I am descended from people who fought the British in the Revolutionary War and for the Union in the Civil War. My grandfather lied about his age when he was 16 y.o. in order to join the U.S. Army and fight in France during WWI. My uncle was in the Marines, my aunt in the Army, her sons were in the Navy and Army, and my father and mother were both in the Air Force.
When I was in elementary school, my stepdad fastened a nickel-plated POW bracelet around my wrist and one around his own. He explained that the names engraved were those of American serviceman captured or missing during the Vietnam War and we would wear the bracelets until "our men" came back. When prisoners of war began to slowly return from the hellholes they had endured, we made it a practice to check the newspapers to search for the names we wore in honor and remembrance. One day we gasped to see that the soldier whose name, rank and loss date inscribed on my bracelet had safely come home. It was a big deal and with a lot of joy thinking of that man and his family when my stepdad bent that bracelet off my wrist after I’d worn it for so long. We continued checking for the serviceman on my stepdad's bracelet until the papers stopped printing the names but he never returned. My stepdad wore that bracelet for years until it finally corroded off his wrist.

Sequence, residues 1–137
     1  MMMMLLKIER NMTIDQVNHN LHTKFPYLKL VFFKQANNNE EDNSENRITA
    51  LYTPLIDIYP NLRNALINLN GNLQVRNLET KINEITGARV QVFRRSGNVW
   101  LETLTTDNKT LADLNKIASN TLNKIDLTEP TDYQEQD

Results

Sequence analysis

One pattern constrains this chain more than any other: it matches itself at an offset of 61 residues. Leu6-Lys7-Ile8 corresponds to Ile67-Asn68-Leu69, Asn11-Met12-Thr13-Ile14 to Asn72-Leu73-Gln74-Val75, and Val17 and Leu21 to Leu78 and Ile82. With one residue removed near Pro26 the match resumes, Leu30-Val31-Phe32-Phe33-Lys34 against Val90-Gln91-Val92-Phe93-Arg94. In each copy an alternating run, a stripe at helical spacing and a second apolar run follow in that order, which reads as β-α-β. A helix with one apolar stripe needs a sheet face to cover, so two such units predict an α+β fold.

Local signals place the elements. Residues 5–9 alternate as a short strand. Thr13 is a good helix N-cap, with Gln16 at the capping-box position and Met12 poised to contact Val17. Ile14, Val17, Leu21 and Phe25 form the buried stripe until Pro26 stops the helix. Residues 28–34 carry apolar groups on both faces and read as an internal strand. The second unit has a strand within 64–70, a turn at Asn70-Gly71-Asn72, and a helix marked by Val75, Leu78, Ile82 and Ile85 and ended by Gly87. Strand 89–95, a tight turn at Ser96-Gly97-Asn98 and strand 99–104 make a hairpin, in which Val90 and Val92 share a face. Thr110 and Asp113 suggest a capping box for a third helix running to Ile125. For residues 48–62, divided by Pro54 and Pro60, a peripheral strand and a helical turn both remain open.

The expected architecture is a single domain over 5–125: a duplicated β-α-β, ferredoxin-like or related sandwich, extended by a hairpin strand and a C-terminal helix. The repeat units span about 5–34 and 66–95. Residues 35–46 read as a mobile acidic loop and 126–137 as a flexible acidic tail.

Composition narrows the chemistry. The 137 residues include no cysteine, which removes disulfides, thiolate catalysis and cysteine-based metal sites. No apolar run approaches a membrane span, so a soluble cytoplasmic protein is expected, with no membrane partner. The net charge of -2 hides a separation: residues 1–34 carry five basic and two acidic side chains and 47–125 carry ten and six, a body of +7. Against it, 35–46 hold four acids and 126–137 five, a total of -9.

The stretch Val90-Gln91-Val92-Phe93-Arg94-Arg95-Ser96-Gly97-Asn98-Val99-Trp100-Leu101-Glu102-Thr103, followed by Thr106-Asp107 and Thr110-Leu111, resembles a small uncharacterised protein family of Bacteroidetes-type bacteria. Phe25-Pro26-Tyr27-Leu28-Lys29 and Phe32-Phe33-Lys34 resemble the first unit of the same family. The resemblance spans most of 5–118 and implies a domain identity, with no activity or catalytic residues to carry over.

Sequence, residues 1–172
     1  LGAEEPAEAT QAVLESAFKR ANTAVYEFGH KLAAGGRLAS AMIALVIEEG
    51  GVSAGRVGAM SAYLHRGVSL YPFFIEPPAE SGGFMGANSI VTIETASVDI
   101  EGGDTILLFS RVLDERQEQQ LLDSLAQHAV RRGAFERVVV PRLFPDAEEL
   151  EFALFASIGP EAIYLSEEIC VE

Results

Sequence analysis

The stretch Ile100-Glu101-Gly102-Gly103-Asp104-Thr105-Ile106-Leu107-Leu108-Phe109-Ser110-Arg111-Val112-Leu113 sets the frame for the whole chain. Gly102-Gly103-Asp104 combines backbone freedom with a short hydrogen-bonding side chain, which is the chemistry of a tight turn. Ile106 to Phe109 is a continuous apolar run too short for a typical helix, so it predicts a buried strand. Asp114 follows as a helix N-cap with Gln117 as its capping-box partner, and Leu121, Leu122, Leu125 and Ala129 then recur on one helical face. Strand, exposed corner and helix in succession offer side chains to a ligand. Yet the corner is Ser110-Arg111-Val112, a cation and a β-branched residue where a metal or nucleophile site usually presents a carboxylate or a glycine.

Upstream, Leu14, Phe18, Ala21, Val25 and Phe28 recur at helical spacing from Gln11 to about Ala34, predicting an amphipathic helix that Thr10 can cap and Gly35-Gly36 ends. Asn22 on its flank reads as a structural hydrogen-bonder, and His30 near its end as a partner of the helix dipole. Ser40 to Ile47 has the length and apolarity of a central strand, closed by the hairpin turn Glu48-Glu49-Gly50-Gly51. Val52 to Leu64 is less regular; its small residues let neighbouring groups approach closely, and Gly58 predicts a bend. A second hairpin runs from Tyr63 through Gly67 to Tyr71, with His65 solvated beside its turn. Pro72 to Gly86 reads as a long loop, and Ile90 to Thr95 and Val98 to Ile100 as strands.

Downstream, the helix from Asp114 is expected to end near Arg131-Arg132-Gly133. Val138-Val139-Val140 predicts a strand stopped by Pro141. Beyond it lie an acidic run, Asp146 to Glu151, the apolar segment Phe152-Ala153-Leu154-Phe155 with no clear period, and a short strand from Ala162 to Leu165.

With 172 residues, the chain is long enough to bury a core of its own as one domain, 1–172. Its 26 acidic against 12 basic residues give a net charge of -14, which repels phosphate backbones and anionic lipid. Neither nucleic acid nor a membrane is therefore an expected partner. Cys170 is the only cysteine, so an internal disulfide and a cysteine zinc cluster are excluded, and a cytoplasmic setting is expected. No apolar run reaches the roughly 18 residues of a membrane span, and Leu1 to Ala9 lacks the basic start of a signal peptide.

I thank all these people and the millions more who have given their service to our country.
1. My grandad
2. Grandad with his daughters and son, L-R, my mother, aunt and uncle (home on leave)
3. My dad
4. My cousins
#MemorialDay #MemorialDay2019 #MemorialDayWeekend #MemorialDayWeekend2019 #POW #PrisonersofWar